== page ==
All about Related Party Transactions – Part 3 (Voting and Approval))

Voting (Sec 188, Sec 184)

The basic question anyone can raise now is that “Can a Related party vote?”

If yes, in what circumstances?

Listed Companies –

RPs can’t vote (whether party to transaction or not)

All Material RPTs shall require approval of the shareholders through a resolution (Regulation 23)

Unlisted Public Companies –

If Promoters (incl. their relatives) holds >90%, then RPs can vote on the resolution

In other cases, RPs can only vote if they are not parties to the transaction proposed in the resolution

Private Companies –

Exempted i.e. any RP can vote on any Resolution (vide MCA notification dated 5th June,2015)

The above exemption is subject to compliance of Sec 137 (Filing of Financial Statements) and Sec 92 (Annual Return) with RoC.

Exceptions (Proviso) –

  • Transaction between Holding and its WOS

           Placed before shareholders at the general meeting for approval (subject to consolidation of accounts)

  • Government Company

           Exempted. Subject to compliance of Sec 137 (Filing of Financial Statements) and Sec 92 (Annual Return) with RoC.

  • Unlisted public company

          Licensed by RBI or SEBI or IRDAI to operate from IFSC located in an approved multi-services SEZ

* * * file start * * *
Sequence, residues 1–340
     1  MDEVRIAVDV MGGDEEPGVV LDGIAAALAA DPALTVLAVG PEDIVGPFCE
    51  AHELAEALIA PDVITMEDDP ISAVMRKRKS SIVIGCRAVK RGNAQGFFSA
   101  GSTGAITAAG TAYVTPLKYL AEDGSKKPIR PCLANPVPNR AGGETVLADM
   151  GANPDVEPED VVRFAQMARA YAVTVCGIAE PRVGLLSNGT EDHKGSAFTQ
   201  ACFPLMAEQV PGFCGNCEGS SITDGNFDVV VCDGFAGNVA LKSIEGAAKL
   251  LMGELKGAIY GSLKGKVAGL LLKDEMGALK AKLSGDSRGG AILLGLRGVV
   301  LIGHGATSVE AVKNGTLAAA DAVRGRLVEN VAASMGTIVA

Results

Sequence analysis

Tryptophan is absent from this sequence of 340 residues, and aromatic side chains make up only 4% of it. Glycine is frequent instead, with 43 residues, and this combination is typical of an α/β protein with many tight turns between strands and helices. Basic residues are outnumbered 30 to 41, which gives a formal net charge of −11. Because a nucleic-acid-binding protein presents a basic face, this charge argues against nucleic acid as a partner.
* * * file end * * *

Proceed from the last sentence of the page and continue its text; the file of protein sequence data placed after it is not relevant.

Interested Directors should not present in the meeting during the discussions

Corporate Governance Points –

  • As the RPTs between 2 Govt. companies will not be reaching to members for approval, it’s a good practice to place such items before the Audit Committee and the Board for Noting.
  • Directors should also make a disclosure regarding Interest (Section 184) in the respective transactions proposed in the resolution so that it would be easy to track.

Ratification –

  • As per LODR, ratification is not possible (no such option provided). So, a listed company should compulsorily obtain the approval.
  • But the Companies Act has provided the ratification option –

             Upto 1 crore – Audit Committee (within 3 months)            

             Other cases – Board or Shareholders (as the case may be) (within 3 months)